Sunday, March 28, 2010

Compagnon (or Whacked Bread)

Sunday, March 28, 3010
This is a recipe from one of my newer bread cookbooks--one that's been out of print for a while, and I finally just ordered it for myself: The Village Baker, by Joe Ortiz.
I've seen good reviews of this book, which was one of the earliest of the recent spate of books on artisan bread baking. (Compare the 1993 date of The Village Baker to the 2003 publishing date of The Bread Bible). Ortiz has some great stories about traveling around Europe talking to (what else?) village bakers. Unfortunately, Ortiz gathered up the European recipes and painstakingly translated all the weights into volume measurements. Scale snob that I've become, I was dismayed by this. If I want to try the recipes, I may have to go through the book and re-translate into grams.
The reasons I picked this recipe were: 1) It's a simple, direct-method dough that requires nothing other than flour, water, salt, and yeast; and 2) it directs you to whack the bread violently about 100 times with a rolling pin. It "helps to break down the gluten." (I'll just bet it does). It is also supposed to give the bread a very uneven texture.
I wouldn't call this a "very uneven" texture, so perhaps I didn't whack hard enough, although I certainly gave it my all.
You can't really tell from the still photos how enthusiastically I'm whacking the bread with the rolling pin. It might have worked better if I'd had the handleless French kind instead of the American pie-rolling-out kind. After all, it is a French bread. Although I may not have ended up with the uneven texture I was supposed to have, I will say that the whacking technique brought that dough into line.
This is what the dough looked like when it came out of the food processor, before getting assaulted.
And here is what it looks like after being punched into docility.
After the bread rises in its shaped form, it gets double-slashed.
And then it's glazed with a very diluted (one-half cup water and one egg white) egg white mixture.
I usually glaze with a slightly diluted egg yolk, so I wondered what the difference was. It turns out that an egg white glaze gives you a less shiny and not as dark loaf of bread. I prefer the result from the egg yolk glaze, which is shinier and more dramatic.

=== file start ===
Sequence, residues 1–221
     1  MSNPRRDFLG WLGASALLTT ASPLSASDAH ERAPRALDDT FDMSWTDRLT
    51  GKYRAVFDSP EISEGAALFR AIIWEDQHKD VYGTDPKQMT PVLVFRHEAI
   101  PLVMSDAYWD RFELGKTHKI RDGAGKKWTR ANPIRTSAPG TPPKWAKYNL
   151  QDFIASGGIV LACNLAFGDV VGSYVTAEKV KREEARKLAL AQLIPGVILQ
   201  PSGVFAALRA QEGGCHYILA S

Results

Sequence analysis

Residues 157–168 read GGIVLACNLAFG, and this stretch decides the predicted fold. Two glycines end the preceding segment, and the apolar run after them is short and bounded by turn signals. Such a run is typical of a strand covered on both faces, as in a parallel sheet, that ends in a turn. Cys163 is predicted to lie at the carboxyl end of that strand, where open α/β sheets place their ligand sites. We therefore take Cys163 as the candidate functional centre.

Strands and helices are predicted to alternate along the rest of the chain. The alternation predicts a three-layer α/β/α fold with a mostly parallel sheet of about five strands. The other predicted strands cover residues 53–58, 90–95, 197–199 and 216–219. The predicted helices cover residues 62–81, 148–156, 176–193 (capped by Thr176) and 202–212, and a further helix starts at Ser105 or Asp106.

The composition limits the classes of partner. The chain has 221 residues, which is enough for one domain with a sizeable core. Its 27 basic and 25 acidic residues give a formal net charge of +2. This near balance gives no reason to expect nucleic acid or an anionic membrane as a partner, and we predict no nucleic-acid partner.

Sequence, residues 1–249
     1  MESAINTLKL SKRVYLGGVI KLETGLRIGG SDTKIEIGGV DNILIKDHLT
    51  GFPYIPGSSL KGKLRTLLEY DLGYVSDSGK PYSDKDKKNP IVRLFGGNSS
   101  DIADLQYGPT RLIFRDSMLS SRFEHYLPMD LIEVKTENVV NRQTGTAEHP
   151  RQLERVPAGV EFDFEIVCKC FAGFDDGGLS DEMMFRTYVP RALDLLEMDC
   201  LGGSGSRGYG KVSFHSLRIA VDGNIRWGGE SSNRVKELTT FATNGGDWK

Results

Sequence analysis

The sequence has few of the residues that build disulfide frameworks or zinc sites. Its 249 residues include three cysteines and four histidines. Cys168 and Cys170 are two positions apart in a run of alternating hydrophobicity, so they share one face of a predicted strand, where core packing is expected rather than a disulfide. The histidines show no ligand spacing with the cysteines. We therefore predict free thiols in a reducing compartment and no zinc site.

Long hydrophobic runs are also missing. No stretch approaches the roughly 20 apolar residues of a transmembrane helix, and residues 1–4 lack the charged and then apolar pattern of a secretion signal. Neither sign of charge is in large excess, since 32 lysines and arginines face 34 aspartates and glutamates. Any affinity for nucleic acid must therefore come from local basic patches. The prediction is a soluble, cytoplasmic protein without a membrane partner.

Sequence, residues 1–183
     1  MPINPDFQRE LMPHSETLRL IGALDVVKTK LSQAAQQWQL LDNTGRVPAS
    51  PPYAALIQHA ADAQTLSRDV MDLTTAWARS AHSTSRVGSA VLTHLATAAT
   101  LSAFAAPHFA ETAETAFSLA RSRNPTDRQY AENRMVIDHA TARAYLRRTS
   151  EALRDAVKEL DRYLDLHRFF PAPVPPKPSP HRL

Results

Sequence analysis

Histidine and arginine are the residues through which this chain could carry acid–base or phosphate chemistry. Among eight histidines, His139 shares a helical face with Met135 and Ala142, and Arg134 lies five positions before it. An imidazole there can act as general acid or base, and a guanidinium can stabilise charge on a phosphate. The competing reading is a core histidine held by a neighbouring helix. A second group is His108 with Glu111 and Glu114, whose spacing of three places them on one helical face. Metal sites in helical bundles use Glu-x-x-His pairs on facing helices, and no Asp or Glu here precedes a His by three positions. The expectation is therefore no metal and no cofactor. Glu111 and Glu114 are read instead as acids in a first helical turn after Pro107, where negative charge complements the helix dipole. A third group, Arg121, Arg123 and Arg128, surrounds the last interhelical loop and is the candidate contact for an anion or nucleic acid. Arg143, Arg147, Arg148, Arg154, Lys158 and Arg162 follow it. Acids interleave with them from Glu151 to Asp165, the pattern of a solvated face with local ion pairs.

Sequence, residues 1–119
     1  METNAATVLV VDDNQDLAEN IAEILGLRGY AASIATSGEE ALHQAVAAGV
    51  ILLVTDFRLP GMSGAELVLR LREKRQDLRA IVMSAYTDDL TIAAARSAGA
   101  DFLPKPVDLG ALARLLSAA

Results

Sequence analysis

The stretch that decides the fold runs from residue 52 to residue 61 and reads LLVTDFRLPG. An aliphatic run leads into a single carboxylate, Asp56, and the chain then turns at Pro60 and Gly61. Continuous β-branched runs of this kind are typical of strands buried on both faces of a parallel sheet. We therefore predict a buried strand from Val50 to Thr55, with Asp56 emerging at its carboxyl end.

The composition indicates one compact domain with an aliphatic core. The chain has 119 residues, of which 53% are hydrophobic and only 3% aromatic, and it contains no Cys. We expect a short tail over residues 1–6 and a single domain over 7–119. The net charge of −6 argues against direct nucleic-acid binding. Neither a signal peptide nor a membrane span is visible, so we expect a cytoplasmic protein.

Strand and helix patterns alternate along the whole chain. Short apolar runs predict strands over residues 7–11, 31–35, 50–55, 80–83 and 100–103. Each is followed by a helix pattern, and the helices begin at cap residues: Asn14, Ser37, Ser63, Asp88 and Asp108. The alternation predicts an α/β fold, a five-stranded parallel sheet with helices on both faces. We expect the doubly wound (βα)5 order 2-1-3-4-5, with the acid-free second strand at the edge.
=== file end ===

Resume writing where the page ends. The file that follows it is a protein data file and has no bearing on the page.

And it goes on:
This compagnon (it means companion or company: synonyms include compère, camarade, condisciple, confrère, collègue, maître, intime, copain, complice, amant, associé, baron, collaborateur, acolyte) is a good basic bread, although the only thing truly extraordinary about it is that you attack it with a rolling pin. I can tell you that that will get the full attention of anyone who's with you in the kitchen, and that that person will be nicer to you the rest of the day because he's not completely sure what you may do next with the rolling pin.

Direct-Method Compagnon
--from The Village Baker, by Joe Ortiz

2 1/2 teaspoons instant yeast
1 3/4 cups water
3 1/2 cups unbleached all-purpose flour
1 3/4 teaspoons salt
Glaze: 1 egg white beaten up in 1/2 cup cold water.

Mix yeast and 3 cups flour in food processor fitted with plastic blade. Pour 1/4 cup cold water in food processor and pulse two or three times. With the motor running, slowly add 3/4 cup water and process for 30 seconds. With the processor still running, slowly add the rest of the water. Sprinkle the salt onto the dough and process for another 15 seconds. Add all but a handful of the remaining 1/2 cup flour, a little at a time, and pulse a few times.
Sprinkle the remaining flour on a countertop, and pour the dough out onto the table. Beat it vigorously about 100 times with a wooden rolling pin, folding the dough over onto itself several times. If the dough is too sticky, add a little more flour. After the dough is beaten, it should be moist, elastic, and satiny.